Indigenous education at Winnipeg's major universities up for debate Thursday

Two of Winnipeg's major universities are approaching indigenous education very differently, and that's the topic of debate on Thursday during the University of Manitoba's second annual Indigenous Awareness Week.

'Professors have a responsibility to get informed'

RAW: Deborah Young on the University of Manitoba's Indigenous Education Blueprint

8 years ago
Duration 1:34
Deborah Young sat down with CBC Information Radio host Marcy Markusa to talk about whether a mandatory indigenous studies course in post-secondary schools is a good idea.

Two of Manitoba's major universities are approaching indigenous education very differently and that's the topic of debate on Thursday.

Last spring the University of Winnipeg approved a motion making it mandatory for students to take at least one indigenous studies course to graduate. 

In December, the University of Manitoba and the U of W were among provincial post-secondary schools to sign an Indigenous Education Blueprint.

The blueprint is designed to take action on the Truth and Reconciliation Commission's recommendations, including bringing indigenous knowledge, languages and intellectual traditions to curricula and building schools and campuses that are free of racism.

On Thursday, indigenous scholars, students and professionals will debate whether a mandatory indigenous studies course in post-secondary schools is a good idea.

"All universities and colleges are thinking about it, and if they're not thinking about it, they need to start thinking about it," said Deborah Young, the executive lead for indigenous achievement at the U of M. 

The discussion is part of the U of M's second annual Indigenous Awareness Week, which runs from Jan. 25 to 29.
Deborah Young is the executive lead for indigenous achievement at the University of Manitoba. (CBC)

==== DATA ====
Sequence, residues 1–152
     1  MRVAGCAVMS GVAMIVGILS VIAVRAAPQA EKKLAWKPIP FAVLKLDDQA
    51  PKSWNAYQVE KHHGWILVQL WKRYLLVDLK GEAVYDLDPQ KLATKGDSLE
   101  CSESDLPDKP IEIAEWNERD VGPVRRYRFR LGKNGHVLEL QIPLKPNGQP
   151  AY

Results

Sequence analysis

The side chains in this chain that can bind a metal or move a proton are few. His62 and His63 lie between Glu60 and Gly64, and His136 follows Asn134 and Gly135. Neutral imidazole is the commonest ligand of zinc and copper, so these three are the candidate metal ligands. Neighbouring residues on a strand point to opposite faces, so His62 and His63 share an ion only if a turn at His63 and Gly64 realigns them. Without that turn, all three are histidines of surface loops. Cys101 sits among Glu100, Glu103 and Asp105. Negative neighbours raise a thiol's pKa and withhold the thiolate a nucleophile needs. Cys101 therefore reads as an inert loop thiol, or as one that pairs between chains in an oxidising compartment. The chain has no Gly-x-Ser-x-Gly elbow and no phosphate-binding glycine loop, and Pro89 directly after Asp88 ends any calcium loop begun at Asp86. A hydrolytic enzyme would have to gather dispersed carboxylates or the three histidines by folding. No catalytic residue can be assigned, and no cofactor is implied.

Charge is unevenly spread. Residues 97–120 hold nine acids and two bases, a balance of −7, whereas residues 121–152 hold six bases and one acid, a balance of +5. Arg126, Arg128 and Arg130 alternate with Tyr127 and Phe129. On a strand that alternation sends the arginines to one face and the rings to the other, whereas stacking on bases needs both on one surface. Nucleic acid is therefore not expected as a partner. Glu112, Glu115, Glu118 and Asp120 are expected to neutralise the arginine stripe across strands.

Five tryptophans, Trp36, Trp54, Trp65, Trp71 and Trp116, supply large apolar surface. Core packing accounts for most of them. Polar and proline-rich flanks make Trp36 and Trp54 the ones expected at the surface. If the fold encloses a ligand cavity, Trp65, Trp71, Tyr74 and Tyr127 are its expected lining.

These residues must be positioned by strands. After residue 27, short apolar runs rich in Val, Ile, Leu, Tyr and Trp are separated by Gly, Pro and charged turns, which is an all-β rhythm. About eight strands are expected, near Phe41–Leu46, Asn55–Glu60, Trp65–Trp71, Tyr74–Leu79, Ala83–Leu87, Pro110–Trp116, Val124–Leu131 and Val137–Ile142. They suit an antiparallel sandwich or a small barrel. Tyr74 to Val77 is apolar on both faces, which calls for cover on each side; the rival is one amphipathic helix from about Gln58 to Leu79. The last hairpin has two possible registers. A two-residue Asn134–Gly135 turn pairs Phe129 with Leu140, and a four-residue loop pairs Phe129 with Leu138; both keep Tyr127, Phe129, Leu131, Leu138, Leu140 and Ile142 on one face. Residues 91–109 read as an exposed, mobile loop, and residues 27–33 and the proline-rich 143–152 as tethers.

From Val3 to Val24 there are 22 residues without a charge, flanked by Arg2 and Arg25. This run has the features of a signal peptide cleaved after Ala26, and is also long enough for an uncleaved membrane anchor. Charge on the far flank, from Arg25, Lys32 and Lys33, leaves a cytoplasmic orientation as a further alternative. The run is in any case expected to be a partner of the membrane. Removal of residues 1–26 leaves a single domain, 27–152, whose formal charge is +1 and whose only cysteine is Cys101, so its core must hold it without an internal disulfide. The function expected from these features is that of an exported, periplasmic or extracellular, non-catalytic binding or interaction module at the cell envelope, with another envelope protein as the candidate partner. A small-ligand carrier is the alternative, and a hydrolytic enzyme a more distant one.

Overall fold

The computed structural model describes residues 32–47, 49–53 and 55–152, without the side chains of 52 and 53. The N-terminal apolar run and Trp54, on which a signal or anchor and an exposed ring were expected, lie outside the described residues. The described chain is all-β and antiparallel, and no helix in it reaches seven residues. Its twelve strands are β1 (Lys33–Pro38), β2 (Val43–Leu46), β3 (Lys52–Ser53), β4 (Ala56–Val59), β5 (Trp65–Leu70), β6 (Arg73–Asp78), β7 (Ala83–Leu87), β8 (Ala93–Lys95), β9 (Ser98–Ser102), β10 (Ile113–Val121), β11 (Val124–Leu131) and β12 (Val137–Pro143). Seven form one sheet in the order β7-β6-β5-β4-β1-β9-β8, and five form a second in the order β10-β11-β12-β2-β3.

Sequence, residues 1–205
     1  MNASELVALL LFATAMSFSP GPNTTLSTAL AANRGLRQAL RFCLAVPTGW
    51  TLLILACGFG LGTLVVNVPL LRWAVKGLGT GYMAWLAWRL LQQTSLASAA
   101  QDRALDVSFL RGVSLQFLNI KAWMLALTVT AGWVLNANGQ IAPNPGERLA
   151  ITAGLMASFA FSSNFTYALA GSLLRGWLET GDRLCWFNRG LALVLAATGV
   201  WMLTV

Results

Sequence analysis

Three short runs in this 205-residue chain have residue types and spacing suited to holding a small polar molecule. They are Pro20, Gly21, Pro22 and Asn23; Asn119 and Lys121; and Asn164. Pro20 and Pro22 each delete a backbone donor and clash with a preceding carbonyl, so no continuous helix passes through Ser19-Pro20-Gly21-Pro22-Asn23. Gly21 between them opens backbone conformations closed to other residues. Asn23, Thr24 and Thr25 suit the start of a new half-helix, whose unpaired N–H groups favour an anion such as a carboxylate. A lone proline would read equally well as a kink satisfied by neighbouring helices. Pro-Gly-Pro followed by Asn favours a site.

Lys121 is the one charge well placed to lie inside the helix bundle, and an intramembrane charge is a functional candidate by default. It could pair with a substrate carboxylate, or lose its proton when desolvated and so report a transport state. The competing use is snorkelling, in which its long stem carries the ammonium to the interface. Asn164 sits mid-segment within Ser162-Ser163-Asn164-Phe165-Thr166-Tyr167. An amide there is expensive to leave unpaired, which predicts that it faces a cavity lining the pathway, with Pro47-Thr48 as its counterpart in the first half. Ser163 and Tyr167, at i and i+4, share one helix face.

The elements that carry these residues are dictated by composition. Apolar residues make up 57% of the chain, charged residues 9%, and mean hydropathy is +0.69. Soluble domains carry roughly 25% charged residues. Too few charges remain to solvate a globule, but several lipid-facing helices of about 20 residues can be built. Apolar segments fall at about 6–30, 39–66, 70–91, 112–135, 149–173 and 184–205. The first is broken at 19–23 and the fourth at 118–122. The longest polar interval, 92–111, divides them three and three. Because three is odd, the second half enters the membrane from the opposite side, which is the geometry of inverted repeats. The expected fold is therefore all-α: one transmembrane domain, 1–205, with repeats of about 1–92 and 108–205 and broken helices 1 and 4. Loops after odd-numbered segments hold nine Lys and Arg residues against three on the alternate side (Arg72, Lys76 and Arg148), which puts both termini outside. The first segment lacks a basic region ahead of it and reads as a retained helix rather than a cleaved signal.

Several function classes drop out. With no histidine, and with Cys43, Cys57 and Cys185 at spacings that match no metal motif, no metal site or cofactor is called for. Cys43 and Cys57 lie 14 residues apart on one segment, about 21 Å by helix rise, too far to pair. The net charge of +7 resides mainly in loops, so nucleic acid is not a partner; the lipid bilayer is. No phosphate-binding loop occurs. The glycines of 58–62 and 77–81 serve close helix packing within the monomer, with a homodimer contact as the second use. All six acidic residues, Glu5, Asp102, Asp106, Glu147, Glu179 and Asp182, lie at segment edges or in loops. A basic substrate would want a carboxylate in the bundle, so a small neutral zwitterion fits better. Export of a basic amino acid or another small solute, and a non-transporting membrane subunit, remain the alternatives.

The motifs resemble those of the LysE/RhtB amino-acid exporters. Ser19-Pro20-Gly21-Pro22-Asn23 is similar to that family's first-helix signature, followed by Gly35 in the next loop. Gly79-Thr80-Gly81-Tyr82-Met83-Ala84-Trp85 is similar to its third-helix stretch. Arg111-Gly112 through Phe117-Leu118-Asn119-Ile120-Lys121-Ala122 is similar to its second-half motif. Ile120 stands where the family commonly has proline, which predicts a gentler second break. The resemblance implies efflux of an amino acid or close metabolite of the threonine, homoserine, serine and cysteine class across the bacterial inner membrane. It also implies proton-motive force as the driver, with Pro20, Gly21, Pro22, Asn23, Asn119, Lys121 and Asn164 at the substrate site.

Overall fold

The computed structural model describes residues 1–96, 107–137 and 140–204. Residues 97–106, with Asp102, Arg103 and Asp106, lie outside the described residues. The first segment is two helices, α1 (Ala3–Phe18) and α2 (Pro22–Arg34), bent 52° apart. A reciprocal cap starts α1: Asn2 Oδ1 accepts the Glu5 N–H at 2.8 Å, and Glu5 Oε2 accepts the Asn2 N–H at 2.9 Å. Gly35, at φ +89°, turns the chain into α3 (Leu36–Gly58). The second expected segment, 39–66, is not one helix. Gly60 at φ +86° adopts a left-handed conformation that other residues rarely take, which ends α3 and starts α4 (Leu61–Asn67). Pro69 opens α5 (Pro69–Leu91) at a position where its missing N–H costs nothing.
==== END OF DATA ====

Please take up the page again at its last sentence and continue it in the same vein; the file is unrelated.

Young said indigenous students at the university have told her they want their professors to know and teach indigenous topics in the classroom.

"They don't want to be the only spokesperson in that classroom," said Young.

She's also heard that professors want to be knowledgeable on indigenous issues.

"They're asking, 'How do we do this?' It's the million-dollar question," she said.

The U of M's approach to indigenous education means that once the blueprint is created and implemented, professors in a variety of faculties will be knowledgeable on indigenous topics and can infuse that into their lessons. 

"We have just over 6,000 academic staff at the U of M. Can you imagine what it would be like if each one of those professors had a basic understanding of indigenous knowledge — what transformation that would have on students?" she said. "This approach will take years to implement, but I think it will have a lasting impact."

The U of W's approach is quick and means professors who are already experts in indigenous studies will teach students, rather than training all professors on indigenous topics, Young said.

"I think both [approaches] are necessary," she said. "My preference is to have a university that's inclusive, far-reaching and aware of indigenous issues straight across the board.… Professors have a responsibility to get informed, get the knowledge and also relay that knowledge to the classroom." 

The schedule for Indigenous Awareness Week 2016: 

  • Tuesday, Jan. 26 - Respecting and protecting indigenous knowledge in the learning environment, noon-1:30 p.m.
  • Wednesday, Jan. 27 - Surviving the colonized classroom, noon-1:30 p.m.
  • Thursday, Jan. 28 - Indigenous course requirement: good or bad? noon-1:30 p.m.
  • Friday, Jan. 29 - Bringing residential school survivors' perspectives and knowledge into the curriculum, noon-2 p.m.

Locations are available on the University of Manitoba website.